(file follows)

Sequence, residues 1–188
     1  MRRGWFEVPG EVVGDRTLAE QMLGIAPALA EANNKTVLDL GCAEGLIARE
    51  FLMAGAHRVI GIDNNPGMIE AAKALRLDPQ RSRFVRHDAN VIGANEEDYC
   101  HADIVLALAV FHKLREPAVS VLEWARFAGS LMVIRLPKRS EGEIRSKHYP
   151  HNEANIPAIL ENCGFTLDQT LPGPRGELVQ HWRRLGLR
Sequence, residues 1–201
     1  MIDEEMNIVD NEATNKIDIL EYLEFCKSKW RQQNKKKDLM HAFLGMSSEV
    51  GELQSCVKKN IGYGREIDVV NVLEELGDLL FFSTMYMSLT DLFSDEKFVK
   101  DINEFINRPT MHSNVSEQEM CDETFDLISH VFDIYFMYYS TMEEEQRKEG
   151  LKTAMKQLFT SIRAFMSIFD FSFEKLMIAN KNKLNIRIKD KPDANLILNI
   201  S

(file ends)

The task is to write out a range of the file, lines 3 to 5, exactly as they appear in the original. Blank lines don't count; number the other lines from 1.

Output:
    51  FLMAGAHRVI GIDNNPGMIE AAKALRLDPQ RSRFVRHDAN VIGANEEDYC
   101  HADIVLALAV FHKLREPAVS VLEWARFAGS LMVIRLPKRS EGEIRSKHYP
   151  HNEANIPAIL ENCGFTLDQT LPGPRGELVQ HWRRLGLR